As a person, I've grown accustomed to multitasking. Emails! Phone! Scheduling! No, kitty! Don't go that way!
As a person with disabilities, I've grown to to be decent at this balancing act. Meds! Need to rest now so I can do more later! Kitty, stop knocking over my medicine!
As a person with diabetes, I've grown to be a multitasker-balancing act-extraordinaire! Insulin! Carbs! KITTY! STOP RIPPING UP THE CARPET! Other meds!
And people who have diabetes should all be certified systems analysts, this thing is so complex. I once tried to make a flow chart of living with diabetes...it was over 10 pages long before I said "screw this, I know what I'm doing, even if no one else does."
But there's another balancing act that we have to deal with: We must balance how serious diabetes is with how normal we can be.
Sure, there's a lot we can do. And I will say out of the things I can't do, only a handful are diabetes related. For example, my beta cells were fired by my immune system, so all the glorious things they made...well, I can't make them any more. But, I also can't hold my breath for 20 minutes straight, or travel faster than the speed of light, or break the laws of thermodynamics (no matter how much my husband might complain about my cold feet...those still obey the laws, sweetie!), or...well, you get the idea.
Sure, there are times when I feel like all of this just gets in the way and finds ways to mess everything up (like normal sleep, since I don't remember what that's like), but most of the time I don't feel like diabetes is a big giant monster that's out to get me. I think it's a sneaky asshole, but not a giant monster.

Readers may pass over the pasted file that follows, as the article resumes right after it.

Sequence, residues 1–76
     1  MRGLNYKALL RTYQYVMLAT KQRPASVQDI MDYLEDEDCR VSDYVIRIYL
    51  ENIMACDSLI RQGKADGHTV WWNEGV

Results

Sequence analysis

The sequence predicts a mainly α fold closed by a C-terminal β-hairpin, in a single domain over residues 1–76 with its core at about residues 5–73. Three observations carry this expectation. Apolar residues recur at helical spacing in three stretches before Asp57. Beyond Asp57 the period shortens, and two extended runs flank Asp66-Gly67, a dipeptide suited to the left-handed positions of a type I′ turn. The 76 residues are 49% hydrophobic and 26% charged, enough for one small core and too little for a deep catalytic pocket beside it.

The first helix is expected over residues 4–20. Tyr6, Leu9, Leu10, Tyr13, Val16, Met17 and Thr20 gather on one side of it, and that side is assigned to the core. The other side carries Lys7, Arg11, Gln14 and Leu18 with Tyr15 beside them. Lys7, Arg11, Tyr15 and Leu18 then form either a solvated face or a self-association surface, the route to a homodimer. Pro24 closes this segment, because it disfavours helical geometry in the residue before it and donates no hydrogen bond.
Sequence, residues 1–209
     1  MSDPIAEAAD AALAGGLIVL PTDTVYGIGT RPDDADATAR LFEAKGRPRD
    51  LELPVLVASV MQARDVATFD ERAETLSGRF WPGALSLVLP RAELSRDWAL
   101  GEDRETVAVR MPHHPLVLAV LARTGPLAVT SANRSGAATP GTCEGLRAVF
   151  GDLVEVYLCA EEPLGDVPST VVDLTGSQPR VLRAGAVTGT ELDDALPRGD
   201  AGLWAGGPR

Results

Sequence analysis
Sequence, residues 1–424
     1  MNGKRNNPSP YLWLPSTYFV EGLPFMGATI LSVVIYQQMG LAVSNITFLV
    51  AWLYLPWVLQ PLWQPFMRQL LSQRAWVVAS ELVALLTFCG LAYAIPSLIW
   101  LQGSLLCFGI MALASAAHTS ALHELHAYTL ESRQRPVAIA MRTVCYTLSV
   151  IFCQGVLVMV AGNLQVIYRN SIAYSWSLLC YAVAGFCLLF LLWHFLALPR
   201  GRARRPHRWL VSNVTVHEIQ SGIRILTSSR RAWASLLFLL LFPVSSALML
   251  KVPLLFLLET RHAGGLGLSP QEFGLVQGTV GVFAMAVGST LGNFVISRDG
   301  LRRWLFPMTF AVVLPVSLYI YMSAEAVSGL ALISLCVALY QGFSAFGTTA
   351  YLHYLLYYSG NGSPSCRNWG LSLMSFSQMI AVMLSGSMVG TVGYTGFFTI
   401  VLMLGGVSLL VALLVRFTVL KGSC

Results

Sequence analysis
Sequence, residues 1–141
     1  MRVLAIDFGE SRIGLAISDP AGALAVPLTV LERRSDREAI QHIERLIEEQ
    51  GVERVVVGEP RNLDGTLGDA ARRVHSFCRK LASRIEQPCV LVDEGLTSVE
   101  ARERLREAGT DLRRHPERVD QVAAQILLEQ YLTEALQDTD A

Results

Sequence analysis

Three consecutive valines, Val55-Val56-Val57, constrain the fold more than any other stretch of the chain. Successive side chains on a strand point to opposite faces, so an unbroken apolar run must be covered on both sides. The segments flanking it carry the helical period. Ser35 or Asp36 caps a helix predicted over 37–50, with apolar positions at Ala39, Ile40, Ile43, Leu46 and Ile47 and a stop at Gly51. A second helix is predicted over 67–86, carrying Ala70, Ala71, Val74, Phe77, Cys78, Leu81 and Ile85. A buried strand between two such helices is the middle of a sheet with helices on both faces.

But on the other hand, diabetes does kill. I'm sure you've at least heard of IDF's new video that tries to get that point across. Honestly, I feel like a big dark cloud that kills you is depression. Diabetes would be more like a ninja who trips you and then, every so often, murders someone with a lancet. Also, I might have missed it, but are there any people in that video that aren't white?
I digress. Diabetes kills people. Our beloved ADA reports it. And we know the increased risks for complications and other super awesome health problems. And even when it doesn't kill you, it makes you feel miserable. Low hangover, anyone?
And we've worked really hard to get away from the "PWD can't do <insert something ridiculous that people think PWD can't do>!" nonsense. We're able to retort that Steel Magnolias is, in fact, not a documentary. We have professional athletes and celebrities and a lot of really awesome people out there punching all the stereotypes in the face.
But we have this responsibility, one that we never asked for, to keep this balancing act going for those who will never get it; we have to show we're "sick", but not "too sick"; capable, but with limitations; thriving, with death looming around every corner, holding a lancet.